On a hot summer's day as Maria and I covered every square inch of the Marais by foot, we reached the Rue Charlot and it all jigged back to me. I asked if she was ready to have a most fabulous fashion experience, and so we walked through the courtyard and up the flights of red carpeted stairs till we reached the closed door. A light buzz on the doorbell and a few footsteps later a young assistant opened the door and in we went.
Timing is everything folks, 5 minutes either way would've seen a vastly different scenario unfold result. As it turns out, and really as I should have remembered, Haute Couture fashion week was on, and of course many designers present their women's Spring pre-collection also as a hangover of men's fashion week having just finished, Martin Grant included.
Right then Martin Grant stepped out from the kitchen and started towards us, with great surprise on his face. Turns out we had arrived minutes before the appointment with his buyers. Thinking quickly on my feet or somehow or other I managed to get us from the doorway into the showroom, for a super quick preview of the upcoming 2014 collection. Now for discretion's sake I shan't reveal exactly what I saw, but lets just say it was mostly black, and technically and structurally it was some of the best I've ever seen of Martin's. DiiiiViiiiinnnneee!!!!!!
Not taken by me, thanks The Australian from 2 years ago! :)
A little chatter followed (and don't worry, I strategically neglected to mention my sighting at the exhibition 7 years earlier, but did speak to him of a recent event that I was at where he was discussed in reverence, relevance please haha), the swapping of business cards, and let's just hope the next time he is in town he will make an appearance for GnT's in Elwood, I think I sold it well haha!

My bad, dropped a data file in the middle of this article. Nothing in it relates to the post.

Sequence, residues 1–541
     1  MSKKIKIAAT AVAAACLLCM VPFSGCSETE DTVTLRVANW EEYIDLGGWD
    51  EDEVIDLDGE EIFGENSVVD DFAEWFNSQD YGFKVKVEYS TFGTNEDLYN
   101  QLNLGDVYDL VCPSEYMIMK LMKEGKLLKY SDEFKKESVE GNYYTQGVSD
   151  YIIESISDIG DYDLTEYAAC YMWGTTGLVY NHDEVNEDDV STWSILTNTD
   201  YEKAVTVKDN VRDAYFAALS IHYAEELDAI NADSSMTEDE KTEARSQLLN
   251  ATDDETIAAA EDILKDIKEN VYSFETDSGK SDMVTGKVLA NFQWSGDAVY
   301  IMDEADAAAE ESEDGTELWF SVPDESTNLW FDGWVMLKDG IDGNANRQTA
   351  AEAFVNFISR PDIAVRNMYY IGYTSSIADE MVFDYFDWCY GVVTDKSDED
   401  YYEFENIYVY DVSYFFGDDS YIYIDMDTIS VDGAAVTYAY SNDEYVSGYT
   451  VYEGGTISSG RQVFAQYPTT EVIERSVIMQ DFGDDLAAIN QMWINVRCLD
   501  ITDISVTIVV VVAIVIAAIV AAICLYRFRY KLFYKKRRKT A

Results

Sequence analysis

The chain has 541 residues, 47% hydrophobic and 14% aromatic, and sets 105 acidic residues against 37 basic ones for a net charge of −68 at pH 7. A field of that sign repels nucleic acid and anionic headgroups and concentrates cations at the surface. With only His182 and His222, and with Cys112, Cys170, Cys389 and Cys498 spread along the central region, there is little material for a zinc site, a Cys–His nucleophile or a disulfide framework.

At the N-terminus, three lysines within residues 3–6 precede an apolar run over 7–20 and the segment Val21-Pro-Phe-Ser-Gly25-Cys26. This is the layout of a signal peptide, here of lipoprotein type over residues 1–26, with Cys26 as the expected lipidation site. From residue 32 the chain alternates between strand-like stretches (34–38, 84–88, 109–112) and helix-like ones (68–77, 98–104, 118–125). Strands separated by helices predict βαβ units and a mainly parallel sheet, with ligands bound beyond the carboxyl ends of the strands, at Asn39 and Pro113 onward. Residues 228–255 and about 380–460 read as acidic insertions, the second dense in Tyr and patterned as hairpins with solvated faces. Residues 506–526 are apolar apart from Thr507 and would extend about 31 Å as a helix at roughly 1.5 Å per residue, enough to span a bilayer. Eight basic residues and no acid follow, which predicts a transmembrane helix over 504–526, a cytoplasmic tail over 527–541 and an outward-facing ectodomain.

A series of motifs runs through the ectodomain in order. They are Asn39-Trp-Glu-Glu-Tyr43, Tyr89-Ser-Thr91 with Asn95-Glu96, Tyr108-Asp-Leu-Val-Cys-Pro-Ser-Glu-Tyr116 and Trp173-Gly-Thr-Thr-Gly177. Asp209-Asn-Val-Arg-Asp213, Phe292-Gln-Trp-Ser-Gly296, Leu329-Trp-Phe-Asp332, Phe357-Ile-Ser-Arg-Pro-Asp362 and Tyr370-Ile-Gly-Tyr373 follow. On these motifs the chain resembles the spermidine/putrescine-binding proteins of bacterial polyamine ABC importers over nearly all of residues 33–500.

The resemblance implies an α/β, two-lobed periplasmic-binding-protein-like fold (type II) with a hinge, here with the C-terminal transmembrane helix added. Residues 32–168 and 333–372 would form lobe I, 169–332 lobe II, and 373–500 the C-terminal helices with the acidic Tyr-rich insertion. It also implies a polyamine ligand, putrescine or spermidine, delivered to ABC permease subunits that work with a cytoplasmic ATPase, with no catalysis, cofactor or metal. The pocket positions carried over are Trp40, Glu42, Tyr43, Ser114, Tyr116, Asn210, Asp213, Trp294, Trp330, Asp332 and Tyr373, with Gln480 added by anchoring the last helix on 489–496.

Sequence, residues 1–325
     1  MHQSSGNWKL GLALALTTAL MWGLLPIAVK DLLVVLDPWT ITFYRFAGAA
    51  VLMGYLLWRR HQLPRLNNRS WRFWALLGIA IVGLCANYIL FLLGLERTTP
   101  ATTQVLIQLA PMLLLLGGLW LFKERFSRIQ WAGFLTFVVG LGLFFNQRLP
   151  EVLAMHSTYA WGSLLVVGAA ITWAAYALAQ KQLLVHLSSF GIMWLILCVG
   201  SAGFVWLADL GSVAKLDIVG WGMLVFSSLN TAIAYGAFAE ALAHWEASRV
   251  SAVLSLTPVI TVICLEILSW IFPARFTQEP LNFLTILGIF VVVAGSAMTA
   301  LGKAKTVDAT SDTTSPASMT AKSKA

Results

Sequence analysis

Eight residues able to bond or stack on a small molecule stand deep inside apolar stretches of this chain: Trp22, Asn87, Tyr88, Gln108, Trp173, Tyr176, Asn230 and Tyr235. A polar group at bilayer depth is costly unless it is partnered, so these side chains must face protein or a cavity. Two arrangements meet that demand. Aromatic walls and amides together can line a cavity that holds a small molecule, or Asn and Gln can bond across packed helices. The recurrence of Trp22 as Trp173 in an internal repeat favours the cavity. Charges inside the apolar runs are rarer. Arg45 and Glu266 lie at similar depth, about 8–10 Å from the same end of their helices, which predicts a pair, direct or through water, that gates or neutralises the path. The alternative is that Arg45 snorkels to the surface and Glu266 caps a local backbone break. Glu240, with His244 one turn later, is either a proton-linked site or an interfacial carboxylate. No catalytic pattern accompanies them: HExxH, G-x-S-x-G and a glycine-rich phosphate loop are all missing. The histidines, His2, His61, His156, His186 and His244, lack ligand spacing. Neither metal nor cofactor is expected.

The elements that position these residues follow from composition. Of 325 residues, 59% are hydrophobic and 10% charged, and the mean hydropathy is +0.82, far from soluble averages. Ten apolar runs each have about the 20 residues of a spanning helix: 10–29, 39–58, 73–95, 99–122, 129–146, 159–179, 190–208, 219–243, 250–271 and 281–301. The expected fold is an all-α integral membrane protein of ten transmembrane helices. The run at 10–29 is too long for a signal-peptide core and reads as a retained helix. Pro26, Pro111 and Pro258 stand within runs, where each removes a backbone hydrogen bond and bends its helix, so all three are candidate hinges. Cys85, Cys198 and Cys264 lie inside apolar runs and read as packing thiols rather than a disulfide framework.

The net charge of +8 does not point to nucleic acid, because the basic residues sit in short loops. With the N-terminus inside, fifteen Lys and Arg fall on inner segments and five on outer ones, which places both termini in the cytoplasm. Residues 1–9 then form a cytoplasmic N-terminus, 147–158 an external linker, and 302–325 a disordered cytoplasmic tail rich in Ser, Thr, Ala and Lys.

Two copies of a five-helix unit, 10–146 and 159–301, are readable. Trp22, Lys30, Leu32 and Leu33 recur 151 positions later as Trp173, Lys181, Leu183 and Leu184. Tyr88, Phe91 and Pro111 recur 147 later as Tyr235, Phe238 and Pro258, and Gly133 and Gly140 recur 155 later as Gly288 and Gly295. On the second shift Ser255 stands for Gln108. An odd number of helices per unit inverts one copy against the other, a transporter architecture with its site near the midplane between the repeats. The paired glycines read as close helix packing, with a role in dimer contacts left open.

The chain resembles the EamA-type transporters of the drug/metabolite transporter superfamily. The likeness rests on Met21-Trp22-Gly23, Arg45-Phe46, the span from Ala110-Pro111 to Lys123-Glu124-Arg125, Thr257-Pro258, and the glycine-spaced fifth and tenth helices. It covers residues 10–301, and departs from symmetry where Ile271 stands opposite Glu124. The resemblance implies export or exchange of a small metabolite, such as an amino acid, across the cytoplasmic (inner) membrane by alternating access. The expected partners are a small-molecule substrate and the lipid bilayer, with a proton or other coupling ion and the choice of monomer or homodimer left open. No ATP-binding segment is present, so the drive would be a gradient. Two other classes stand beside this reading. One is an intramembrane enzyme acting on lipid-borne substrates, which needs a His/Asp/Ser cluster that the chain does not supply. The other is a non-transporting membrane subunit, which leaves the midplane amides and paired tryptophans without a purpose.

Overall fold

And just like that we were in and out, and in fact we passed the next guests on our way down the stairs. What a rush indeed!
Now have a look at some pieces of Martin Grant that I have floating around right now. These must be seen in the flesh, and on the flesh, as this is when they really come alive and the immaculate construction shines brightest. Of course throughout Paris '99s existence many more have come and gone on to have homes in the most gorgeous wardrobes of the most gorgeous women. Will you be one soon too?? :) xxx
Here is the darkest of green satin, the shine is very muted and subtle. So is the allusion to both 40s drab utility and 30s slip like lingerie dresses. I see it on a woman who is serious and demure, strong yet feminine. Add a sparkly clutch and heels and off you go to the party. Throw a blazer over the top and it's the perfect work dress. A piece for all times, thanks Martin Grant :)
This is probably my favourite piece of Martin Grant at the moment. It is unusually patterned when much of his work is single coloured or blocked. The pleating and chevroning lends a strange asymmetry to the dress but this has been perfectly considered. For such a large amount of fabric it is amazingly sexy thanks to the absolute cinching of the waist with the belt. It's not a piece for grand gestures, once the belt is fastened the arms are restricted but this completely holds the poise of the wearer. The other trick is that it is actually rather misleadingly petite, as the horizontal cut bottom panel has no movement and therefore can only fit over a finite hip width. Wow I've written a lot about this dress, the rest I'll leave a mystery, come and see it for yourselves, perfect dress for the races I must say!
Black chiffon strappy tiered gathered dress with bodice ribbon to add structure. You can't see but the edge of the chiffon is left raw but crimped in a way that it doesn't fray, tis rather amazing!
This is such a stunning leather silhouette, tres 70s if I may say so. Soft lambskin zip up jacket and tiered skirt. Rather intense when worn together but jacket over a dress and skirt with a fitted top tucked in are pure elegance!Note! Just before going to press, the skirt found a happy happy home! Amazing! :)
Till next week, part 3b, an exhibition in Paris, stay tuned, come say hello! xx